A California court ordered state corrections officials to cut the population of San Quentin Prison, the state’s oldest, to less than half of its designed capacity, citing officials’ “deliberate indifference” to the plight of prisoners during the coronavirus pandemic, The Guardian reports. State prison officials were deciding whether to appeal the order, which would force them to parole or transfer about 1,100 inmates. San Quentin was the site of one of the nation’s worst coronavirus outbreaks. At least 28 inmates have died of the virus, and 2,200 or about 75 percent of the prison population were infected at the peak of the outbreak. Nearly 300 employees were sickened and one died. The outbreak at the facility was “the worst epidemiological disaster in California correctional history, said the First District Court of Appeal.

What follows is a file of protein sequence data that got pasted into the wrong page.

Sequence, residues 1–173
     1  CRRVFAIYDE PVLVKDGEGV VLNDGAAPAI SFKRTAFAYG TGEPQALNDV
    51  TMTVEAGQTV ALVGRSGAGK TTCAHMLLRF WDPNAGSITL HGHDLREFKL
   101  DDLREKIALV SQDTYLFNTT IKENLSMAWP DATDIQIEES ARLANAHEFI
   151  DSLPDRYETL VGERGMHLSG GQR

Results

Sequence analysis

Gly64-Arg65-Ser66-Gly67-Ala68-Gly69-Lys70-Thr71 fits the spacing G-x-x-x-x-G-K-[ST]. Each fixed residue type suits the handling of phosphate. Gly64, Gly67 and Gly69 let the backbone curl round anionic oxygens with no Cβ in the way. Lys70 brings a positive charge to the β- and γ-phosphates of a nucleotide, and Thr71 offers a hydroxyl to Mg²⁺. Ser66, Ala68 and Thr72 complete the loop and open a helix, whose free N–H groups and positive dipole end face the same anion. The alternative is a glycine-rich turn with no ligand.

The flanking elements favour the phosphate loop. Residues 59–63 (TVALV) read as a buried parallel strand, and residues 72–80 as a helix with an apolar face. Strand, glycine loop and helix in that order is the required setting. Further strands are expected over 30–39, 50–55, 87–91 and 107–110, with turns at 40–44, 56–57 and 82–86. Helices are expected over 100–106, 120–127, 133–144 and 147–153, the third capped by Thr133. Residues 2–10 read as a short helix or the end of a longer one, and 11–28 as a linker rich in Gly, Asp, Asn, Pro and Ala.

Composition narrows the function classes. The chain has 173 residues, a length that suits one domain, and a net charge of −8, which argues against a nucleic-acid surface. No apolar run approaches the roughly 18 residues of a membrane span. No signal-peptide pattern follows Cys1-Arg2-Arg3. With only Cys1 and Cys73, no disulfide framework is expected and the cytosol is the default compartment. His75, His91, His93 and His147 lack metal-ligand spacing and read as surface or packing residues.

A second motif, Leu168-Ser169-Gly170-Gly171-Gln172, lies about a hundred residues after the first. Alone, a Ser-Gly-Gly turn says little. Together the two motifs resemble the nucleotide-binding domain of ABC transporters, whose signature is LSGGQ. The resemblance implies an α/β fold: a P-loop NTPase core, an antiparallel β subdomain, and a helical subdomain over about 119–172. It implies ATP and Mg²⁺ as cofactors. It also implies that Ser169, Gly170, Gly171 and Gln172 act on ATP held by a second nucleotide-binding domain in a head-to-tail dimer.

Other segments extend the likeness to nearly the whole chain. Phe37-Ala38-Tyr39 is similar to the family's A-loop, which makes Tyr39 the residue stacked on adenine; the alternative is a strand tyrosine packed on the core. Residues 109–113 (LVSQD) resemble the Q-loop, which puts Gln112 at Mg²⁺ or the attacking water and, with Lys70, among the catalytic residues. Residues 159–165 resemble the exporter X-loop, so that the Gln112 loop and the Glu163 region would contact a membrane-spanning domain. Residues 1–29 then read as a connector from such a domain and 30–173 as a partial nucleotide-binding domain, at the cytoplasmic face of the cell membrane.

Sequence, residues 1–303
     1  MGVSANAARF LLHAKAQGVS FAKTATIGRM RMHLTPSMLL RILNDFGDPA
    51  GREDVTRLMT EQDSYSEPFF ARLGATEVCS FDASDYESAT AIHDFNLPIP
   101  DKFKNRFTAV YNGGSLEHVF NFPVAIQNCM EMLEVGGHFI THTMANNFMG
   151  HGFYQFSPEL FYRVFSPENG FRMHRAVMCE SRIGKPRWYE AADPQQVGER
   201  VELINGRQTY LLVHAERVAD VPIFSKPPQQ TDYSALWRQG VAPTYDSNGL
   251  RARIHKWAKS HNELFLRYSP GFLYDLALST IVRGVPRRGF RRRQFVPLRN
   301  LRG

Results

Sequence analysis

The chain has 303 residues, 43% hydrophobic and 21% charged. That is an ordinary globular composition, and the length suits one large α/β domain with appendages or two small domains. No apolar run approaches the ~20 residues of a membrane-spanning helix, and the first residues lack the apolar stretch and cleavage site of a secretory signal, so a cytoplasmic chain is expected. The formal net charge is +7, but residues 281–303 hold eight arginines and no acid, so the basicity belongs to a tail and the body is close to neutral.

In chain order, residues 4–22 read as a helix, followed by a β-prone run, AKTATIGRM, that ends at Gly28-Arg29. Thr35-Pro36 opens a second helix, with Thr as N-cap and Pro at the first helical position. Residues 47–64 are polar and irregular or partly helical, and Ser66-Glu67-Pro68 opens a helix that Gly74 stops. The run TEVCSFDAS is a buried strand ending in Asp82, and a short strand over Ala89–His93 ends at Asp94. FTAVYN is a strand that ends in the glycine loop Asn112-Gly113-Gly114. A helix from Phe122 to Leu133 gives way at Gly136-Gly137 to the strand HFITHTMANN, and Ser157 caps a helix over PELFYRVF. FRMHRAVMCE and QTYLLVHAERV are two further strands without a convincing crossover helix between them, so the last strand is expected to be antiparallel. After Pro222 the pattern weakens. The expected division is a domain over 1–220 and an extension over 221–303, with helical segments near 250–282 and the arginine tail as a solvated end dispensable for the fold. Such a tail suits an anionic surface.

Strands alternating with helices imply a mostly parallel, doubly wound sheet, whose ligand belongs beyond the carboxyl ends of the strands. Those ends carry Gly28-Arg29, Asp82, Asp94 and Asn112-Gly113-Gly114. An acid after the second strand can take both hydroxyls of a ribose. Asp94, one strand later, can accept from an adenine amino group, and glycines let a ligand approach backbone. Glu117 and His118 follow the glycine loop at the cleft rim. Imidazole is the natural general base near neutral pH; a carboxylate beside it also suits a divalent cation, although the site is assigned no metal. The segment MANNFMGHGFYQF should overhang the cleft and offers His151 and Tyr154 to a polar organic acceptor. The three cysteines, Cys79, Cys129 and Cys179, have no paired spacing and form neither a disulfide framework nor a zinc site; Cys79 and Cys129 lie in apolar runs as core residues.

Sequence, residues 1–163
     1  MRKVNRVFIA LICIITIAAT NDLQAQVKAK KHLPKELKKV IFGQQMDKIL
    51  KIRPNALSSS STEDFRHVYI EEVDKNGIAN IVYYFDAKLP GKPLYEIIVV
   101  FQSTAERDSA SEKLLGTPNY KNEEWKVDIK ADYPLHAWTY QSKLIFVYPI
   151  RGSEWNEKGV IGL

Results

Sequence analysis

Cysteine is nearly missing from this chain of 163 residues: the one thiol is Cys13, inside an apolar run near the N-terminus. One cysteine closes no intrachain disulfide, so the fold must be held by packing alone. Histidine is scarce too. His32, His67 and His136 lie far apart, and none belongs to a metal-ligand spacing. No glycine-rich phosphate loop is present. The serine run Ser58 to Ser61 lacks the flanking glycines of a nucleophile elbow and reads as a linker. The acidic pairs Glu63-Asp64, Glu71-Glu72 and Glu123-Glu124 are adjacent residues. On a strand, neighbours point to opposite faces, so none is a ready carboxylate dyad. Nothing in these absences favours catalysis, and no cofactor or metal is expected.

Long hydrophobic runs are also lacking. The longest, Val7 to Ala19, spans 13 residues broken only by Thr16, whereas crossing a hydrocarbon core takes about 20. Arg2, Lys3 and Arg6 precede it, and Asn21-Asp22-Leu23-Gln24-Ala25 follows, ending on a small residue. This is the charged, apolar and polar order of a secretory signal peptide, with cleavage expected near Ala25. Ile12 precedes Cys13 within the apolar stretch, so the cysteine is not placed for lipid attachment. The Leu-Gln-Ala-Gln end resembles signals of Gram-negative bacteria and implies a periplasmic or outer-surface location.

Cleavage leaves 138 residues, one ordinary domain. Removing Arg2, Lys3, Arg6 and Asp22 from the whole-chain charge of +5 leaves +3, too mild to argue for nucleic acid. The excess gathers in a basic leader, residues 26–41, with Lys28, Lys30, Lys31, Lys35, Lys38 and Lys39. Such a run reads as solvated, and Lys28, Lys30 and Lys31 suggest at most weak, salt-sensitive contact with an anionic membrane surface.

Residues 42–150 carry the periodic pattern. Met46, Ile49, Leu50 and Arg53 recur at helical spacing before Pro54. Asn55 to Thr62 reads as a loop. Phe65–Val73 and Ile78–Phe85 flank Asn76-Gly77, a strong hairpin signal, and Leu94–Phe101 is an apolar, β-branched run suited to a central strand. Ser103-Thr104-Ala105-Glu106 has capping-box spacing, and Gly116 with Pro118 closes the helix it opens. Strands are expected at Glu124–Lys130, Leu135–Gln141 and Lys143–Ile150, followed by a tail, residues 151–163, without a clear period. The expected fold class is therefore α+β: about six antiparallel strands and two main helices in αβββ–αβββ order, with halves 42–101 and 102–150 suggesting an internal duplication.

Assemblyman Marc Levine, who represents the area, said that without a further significant reduction, “it is not a question of if another COVID-19 spike will happen at San Quentin, it is a question of when.” There is only one current active coronavirus case at San Quentin. Two other California prisons now top it. Avenal prison in the Central Valley saw a resurgence of infections in September after cases dropped in July. Folsom prison near Sacramento didn’t report a positive case until August, but within weeks cases reached a peak of more than 600 infections. San Quentin’s outbreak flared when officials botched the transfer of prisoners from a southern California prison in May. Cases exploded, driven by “the unique architecture and age” of the prison that opened in 1852. Its “exceedingly poor ventilation, extraordinarily close living quarters and inadequate sanitation” were cited by experts at the University of California, Berkeley School of Public Health and the University of California, San Francisco. The state has released 21,000 inmates. San Quentin’s population was trimmed to the current roughly 2,900 inmates.